This long winded intro, if you got through it, is all meant as a preface for the one undeniable truth: The Dip is one of the best live acts I’ve ever seen. All seven members bring the energy to an even greater extend than one may already expect from larger, brass-supplemented lineups of this ilk. Every one of them had many moments to shine as the night progressed.
The first song of the entire tour was revealed to be the second track from their most recent release, “Sleep On It,” off Sticking With It. They will reprise this theme later on in the night just before the encore, but, in the moment, the trumpet solo here serves as a perfect preview of what is to come.
To the surprise of many, the guys opted to throw one of their heaviest-hitters in the two-spot, with “Atlas,” from 2019’s The Dip Delivers, offering a bit of everything that makes The Dip so enjoyable live.
Between some powerful horns and crisp riffs that have been stuck in my internal monologue for several days now, Eddy sings: “don’t put the world on your shoulder, honey. Cause you know it ain’t your load to bear.” I’m fairly certain every single one of us in the venue felt that on a personal level.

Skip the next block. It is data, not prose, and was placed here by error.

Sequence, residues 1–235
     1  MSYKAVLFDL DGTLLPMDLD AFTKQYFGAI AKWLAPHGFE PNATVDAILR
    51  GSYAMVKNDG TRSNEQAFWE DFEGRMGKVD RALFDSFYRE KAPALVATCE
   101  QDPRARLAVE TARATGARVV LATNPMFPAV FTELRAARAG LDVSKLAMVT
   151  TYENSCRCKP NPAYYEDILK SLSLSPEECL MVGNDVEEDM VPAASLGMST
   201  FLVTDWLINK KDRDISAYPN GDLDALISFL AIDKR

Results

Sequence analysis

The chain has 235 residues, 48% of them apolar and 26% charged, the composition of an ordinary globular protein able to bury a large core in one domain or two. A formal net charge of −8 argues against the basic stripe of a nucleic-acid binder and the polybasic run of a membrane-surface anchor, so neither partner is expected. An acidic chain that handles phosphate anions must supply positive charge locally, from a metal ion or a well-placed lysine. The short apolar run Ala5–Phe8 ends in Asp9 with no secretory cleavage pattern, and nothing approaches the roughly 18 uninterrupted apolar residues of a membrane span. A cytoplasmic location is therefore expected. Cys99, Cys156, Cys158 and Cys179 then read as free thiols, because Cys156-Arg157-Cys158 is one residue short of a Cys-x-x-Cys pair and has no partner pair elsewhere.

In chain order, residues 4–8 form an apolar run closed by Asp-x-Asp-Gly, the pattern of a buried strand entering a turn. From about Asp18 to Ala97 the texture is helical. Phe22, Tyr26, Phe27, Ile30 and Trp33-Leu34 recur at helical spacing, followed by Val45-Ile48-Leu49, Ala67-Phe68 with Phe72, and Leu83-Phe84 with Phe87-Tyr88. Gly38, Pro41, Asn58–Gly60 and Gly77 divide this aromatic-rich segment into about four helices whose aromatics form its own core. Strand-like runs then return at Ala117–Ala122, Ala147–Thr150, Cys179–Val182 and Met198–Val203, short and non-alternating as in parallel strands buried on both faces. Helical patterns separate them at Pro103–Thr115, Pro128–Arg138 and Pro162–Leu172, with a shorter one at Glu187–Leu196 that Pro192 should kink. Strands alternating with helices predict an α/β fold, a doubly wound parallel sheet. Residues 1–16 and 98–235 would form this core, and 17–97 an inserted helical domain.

The guys continued with another new track in “Vacation”—standard, poppy fun, to be sure, but of a top shelf variety, no doubt, and a nice way to cycle back into some of the band’s more recent ventures.
A relatively obscure choice followed in “New King,” where a bendy bassline heads a jammy instrumental groove from the band’s 2020 EP The Dip Plays It Cool. The horns get a chance to shine from the get-go, while the bass plucks along in smooth waves. The first of a couple strictly instrumental jams that evening was a surprise to be sure, but a welcome one.
That sense of camaraderie and musicianship bled into the bluesy, bombastic intro of “Crickets,” from Sticking With It. “If it feels like the world is burning down, its cause it is,” Eddy sings as the winding, stringy rhythms resemble some of the iconic Southern bayou licks from which The Dip draws a great deal of influence.